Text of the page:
“I have an old Proto 2000 engine which must have owned for at least 15 years, and I want to install a sound decoder. I am a bit frightened where to start and if I’ll do any damage. Do I need to unhook little computer board behind the motor? I presume the old board was partly used to control the MARS signal-safety light. I do have resistors and LED’s. Will this decoder operate with the board in position, or will I have problems? Any advice on installation would be greatly appreciated. Thank you.”
Reynold asks readers for advice:
“My N scale layout has 78 building yard lights not including the signals which I have spread over 4 transformers. If possible I would like to have them set up to all operate off just one power supply specifically for lighting. Is this hard to do? What would I need as a minimum transformer power output? I am hoping someone can shed some light on the problem – sorry about the bad pun!!!”
Using Tall Thin Backdrop Buildings To Save Space and Give The Illusion Your Rail Yard Stretches Full Depth
Rail yards are an important part of most model railroads not just because that look interesting, but also because they provide a lot of operational possibilities. Rail yards shouldn’t become a bottleneck that brings the railroad to a stand still. That can be very frustrating!
At the very least there should be enough track for the trains you’re operating and possibly another couple of tracks for train arrivals and departures. However, finding enough space to operate an efficient rail yard can be a problem, and that’s where background buildings can become a great space-saver.
Instead of using a full-sized 3D building which will potential take up valuable space that could otherwise be used for more track, it is possible to achieve the sane effect with thinner “low relief” 3 sided buildings or “flats” which are just frontages. The backdrop buildings need only be an inch or two deep to still give the illusion the building stretches full depth. That way you’ll have space for more yard track. This video shows some good examples of tall backdrop buildings.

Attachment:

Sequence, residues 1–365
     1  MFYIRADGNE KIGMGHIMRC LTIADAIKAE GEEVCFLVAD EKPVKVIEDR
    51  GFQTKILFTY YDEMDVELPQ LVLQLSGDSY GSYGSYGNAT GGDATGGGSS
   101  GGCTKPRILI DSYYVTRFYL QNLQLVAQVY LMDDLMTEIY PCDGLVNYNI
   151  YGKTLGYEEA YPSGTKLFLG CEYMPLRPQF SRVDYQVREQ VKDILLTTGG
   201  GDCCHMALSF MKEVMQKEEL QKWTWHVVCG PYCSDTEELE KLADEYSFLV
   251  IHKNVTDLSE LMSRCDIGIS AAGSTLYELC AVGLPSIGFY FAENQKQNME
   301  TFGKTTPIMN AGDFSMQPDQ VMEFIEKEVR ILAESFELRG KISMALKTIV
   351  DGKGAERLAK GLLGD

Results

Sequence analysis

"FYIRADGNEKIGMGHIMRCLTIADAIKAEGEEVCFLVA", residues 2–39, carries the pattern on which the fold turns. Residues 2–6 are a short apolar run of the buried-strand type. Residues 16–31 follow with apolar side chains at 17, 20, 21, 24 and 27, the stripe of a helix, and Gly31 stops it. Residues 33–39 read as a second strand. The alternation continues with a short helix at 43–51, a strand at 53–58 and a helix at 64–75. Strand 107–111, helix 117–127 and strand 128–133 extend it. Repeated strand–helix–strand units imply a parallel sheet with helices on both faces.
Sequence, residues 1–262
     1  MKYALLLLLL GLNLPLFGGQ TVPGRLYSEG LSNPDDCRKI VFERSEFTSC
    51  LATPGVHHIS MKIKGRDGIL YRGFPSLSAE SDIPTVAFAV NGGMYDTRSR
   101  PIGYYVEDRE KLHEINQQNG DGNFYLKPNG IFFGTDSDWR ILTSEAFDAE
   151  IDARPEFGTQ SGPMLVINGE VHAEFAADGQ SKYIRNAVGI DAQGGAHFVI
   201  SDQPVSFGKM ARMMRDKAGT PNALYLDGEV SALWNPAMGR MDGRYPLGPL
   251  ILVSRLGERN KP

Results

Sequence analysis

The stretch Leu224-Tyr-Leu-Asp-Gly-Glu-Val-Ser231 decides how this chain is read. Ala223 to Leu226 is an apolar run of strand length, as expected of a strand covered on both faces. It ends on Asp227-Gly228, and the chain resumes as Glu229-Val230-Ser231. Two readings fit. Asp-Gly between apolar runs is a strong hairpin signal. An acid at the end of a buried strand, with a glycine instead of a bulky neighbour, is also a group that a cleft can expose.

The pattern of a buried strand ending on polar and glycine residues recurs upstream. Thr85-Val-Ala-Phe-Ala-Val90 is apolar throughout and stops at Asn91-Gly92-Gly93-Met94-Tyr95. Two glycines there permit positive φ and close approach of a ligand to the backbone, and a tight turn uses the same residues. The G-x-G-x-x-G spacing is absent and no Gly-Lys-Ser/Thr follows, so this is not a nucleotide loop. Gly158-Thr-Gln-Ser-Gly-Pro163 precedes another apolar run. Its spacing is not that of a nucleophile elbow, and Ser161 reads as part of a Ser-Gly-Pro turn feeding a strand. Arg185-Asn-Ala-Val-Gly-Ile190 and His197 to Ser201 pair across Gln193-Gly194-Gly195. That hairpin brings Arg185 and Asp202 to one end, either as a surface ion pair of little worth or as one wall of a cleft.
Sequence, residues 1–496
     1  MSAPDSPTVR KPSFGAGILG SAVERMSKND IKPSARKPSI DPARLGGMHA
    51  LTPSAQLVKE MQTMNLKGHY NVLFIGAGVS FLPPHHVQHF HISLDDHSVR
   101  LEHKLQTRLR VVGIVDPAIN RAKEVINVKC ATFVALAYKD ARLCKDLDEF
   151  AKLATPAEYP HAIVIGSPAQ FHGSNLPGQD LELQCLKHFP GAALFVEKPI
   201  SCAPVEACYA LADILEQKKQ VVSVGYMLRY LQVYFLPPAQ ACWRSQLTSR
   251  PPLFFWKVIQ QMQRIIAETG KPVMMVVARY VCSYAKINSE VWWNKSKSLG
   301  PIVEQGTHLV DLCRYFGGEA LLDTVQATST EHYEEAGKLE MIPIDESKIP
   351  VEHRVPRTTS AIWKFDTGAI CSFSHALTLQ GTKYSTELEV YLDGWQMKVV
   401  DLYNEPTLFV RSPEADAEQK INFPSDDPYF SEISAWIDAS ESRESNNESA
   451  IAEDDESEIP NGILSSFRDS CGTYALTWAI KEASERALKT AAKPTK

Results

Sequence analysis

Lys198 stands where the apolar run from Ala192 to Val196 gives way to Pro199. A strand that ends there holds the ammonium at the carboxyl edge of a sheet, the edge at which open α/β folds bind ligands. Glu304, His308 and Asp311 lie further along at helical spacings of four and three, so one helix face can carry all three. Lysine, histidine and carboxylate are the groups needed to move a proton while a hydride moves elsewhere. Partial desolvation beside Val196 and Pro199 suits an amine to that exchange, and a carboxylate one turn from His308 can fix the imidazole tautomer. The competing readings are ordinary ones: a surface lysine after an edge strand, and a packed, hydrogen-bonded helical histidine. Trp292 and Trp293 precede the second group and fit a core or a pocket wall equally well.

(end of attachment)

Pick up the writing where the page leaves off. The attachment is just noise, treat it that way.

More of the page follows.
Steven has an o-gauge, 3 rail layout and asks readers:
“I have a switch that I put it in a loop, so the engine can come back in a different direction. Problem is; once the switch is in main line straight and the engine goes through it, no problem, but when engine is coming around the loop, the engine approach it for a curve switch and the switch freezes on the straight line and it does not turn to a curve position for the engine to go in opposite direction, which causes a derailment. How can I fix this problem. I have limited space for this layout. Please help!!!!!!!!!! Thanks.”
Club member Frank has a question for readers:
“I have been dabbling in the hobby for some time now but only in a small space. I thought I would expand my N scale track in another room and go DCC with eventually 8 to 10 engines – that’s my dream. A fellow at the train show said an 8 amp unit might damage my engines and I would be safer sticking to 5 amps. I thought that sounded kinda weird?? Is he right?”
Don’t panic! If you are not skilled with an airbrush, you don’t need to be… because these 3 new structures are already detailed and weathered to a very high standard. So… NO airbrushing or painting is needed!
- Silo facility #1 (plan B530) is the Silo Storage Company complex
- Silo facility #2 (plan B531) is the Advance Rail Forwarders complex
- Silo facility #3 (plan B532) is the Bulk Road & Rail Silos complex
Plans available from http://www.modelbuildings.org/industrial-silos-models-to-make.html